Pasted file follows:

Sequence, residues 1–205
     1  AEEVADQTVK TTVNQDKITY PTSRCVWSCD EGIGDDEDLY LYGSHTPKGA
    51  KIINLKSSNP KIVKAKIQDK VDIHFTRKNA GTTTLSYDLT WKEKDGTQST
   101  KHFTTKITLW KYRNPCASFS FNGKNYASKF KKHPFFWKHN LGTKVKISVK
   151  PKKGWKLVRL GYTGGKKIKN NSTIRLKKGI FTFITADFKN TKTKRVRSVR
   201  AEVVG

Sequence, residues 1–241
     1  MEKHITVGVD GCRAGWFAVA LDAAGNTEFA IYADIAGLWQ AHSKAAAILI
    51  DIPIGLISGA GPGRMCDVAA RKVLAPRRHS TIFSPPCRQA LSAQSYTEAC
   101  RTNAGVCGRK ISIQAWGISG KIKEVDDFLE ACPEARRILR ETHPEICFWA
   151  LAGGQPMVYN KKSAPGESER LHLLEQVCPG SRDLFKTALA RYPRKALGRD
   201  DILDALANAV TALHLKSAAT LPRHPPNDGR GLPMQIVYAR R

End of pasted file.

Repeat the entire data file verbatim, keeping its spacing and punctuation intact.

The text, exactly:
Sequence, residues 1–205
     1  AEEVADQTVK TTVNQDKITY PTSRCVWSCD EGIGDDEDLY LYGSHTPKGA
    51  KIINLKSSNP KIVKAKIQDK VDIHFTRKNA GTTTLSYDLT WKEKDGTQST
   101  KHFTTKITLW KYRNPCASFS FNGKNYASKF KKHPFFWKHN LGTKVKISVK
   151  PKKGWKLVRL GYTGGKKIKN NSTIRLKKGI FTFITADFKN TKTKRVRSVR
   201  AEVVG

Sequence, residues 1–241
     1  MEKHITVGVD GCRAGWFAVA LDAAGNTEFA IYADIAGLWQ AHSKAAAILI
    51  DIPIGLISGA GPGRMCDVAA RKVLAPRRHS TIFSPPCRQA LSAQSYTEAC
   101  RTNAGVCGRK ISIQAWGISG KIKEVDDFLE ACPEARRILR ETHPEICFWA
   151  LAGGQPMVYN KKSAPGESER LHLLEQVCPG SRDLFKTALA RYPRKALGRD
   201  DILDALANAV TALHLKSAAT LPRHPPNDGR GLPMQIVYAR R